After starting his spring 0-for-his-first-21, Hyun Soo Kim has finally found his groove. His batting average has soared to .200 and he’s got eight hits in his last 19 ABs (that’s a .421 batting average, you guys).
Kim was the butt of a lot of bad jokes (like the one above) and the target of some concerned Orioles’ fans on Twitter when the Birds lost nine of their first ten games in the Grapefruit League — they tied the tenth, by the way.
And while it’s been noted that Buck Showalter pulled Kim aside and watched footage of his games in Korea (I can only assume a bucket of popcorn was shared), I can’t say I’ve ever been too worried about Kim’s performance in Spring Training.
During his 0-for, Kim was still managing to put the ball in play. While the results weren’t entirely what we were hoping for, the indicators were all positive. He struck out just three times while grounding or flying out 18 times in his first seven games.
He has yet to homer and has just one sacrifice fly, which means (if my math is correct), he’s recorded a .228 batting average on balls in play this spring. For some perspective, the league average BABIP in 2015 was .299. To no surprise, we’re finally seeing some balls off his bat start to find holes. It was just a matter of time.
Kim might not have changed anything about his approach at the plate since his movie date with Buck. He’s just now getting the results he should’ve seen earlier in the spring.
We unfortunately don’t have access to Kim’s batted ball data in Spring Training, but his zero extra-base hits in 40 at-bats should tell us a little about his power. He also posted a career .488 slugging percentage over ten seasons in the KBO. Don’t expect him to mash like the rest of this lineup.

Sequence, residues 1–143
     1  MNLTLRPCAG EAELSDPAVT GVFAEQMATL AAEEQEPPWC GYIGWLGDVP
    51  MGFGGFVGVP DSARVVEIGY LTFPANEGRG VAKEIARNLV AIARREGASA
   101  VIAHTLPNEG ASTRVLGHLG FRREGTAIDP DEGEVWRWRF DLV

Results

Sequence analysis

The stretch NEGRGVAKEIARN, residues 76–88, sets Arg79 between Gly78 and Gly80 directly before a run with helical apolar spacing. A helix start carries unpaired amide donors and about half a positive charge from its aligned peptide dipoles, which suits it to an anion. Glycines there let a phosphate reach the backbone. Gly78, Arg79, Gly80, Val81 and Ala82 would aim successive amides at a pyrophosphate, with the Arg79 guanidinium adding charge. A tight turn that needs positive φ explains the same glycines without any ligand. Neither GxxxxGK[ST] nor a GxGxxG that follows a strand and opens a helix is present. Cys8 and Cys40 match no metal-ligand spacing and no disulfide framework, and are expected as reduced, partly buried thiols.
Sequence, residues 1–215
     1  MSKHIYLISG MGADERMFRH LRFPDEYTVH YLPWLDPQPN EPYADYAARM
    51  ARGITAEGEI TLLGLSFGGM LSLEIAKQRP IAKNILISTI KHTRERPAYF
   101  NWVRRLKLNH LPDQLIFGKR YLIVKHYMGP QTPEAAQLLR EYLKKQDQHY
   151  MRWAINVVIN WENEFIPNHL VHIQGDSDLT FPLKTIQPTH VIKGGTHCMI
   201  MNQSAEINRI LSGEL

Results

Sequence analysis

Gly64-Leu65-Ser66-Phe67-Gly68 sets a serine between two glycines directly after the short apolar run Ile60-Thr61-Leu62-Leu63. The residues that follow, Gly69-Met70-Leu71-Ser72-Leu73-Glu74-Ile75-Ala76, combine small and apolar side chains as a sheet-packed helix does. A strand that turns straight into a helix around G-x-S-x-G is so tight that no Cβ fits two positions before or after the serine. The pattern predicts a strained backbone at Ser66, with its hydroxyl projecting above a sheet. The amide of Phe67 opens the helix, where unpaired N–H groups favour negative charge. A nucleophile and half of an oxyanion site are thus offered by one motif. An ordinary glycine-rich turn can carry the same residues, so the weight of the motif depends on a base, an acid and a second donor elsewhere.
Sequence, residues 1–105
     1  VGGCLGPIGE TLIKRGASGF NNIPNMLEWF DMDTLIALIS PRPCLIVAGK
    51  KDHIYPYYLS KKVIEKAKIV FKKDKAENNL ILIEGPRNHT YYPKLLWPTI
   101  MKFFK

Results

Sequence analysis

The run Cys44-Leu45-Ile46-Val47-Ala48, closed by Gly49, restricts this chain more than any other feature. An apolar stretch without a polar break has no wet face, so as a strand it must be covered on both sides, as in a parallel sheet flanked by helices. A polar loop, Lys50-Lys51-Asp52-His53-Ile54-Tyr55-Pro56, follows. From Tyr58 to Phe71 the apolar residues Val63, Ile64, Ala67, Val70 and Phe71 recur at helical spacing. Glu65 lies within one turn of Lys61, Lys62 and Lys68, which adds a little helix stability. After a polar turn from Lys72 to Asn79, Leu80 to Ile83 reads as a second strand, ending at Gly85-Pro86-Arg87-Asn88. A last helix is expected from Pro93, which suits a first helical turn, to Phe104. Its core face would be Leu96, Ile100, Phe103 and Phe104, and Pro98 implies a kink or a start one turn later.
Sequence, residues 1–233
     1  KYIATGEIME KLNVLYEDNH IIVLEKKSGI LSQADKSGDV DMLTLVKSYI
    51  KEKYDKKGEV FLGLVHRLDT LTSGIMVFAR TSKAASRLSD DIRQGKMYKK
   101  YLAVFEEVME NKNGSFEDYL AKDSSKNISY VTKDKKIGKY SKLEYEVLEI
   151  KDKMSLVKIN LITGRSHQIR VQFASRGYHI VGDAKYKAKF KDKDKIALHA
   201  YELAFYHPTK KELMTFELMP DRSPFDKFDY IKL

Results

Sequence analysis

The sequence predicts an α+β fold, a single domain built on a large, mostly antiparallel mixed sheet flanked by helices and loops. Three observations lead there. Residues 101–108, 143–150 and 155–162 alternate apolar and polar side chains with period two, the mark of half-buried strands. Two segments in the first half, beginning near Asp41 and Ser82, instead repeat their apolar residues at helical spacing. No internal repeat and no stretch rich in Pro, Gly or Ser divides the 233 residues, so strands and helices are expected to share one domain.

Personally, I’m more focused on the on base percentage and defense. Kim has walked just once this spring and managed to get hit by pitches twice. You’d like to see a more patient approach at the plate, but I expect we’ll start to see that now that the weight of a long hitless streak has been lifted from his shoulders.
Defensively, we’re kind of limited to radio calls and the occasional highlight from MASN at this point. My colleague and pal Scott Magness says that Kim is “at best an average fielder.” Here’s how Daniel Kim, a TV baseball analyst in Korea, described Hyun Soo’s defense to Dan Connolly back in December:
“He’s improved recently in terms of catching the ball. He’s made some nice catches near the fences. On some balls that would fall in front of him before, he catches now. He has good catching ability on tracking down line drives and he has made some spectacular catches. His arm is not strong, but he will make accurate throws. He doesn’t have a cannon, but he doesn’t make any bad throws. I think he’ll be OK as far as an overall outfielder. And on tracking down the fly balls, he’s slightly above average.”
Overall, Kim has settled in just fine with the Birds. There will definitely be a transition to the big leagues, all he knows is the KBO game. But every indication he’s given us in Spring Training has been positive, even during that rough start.
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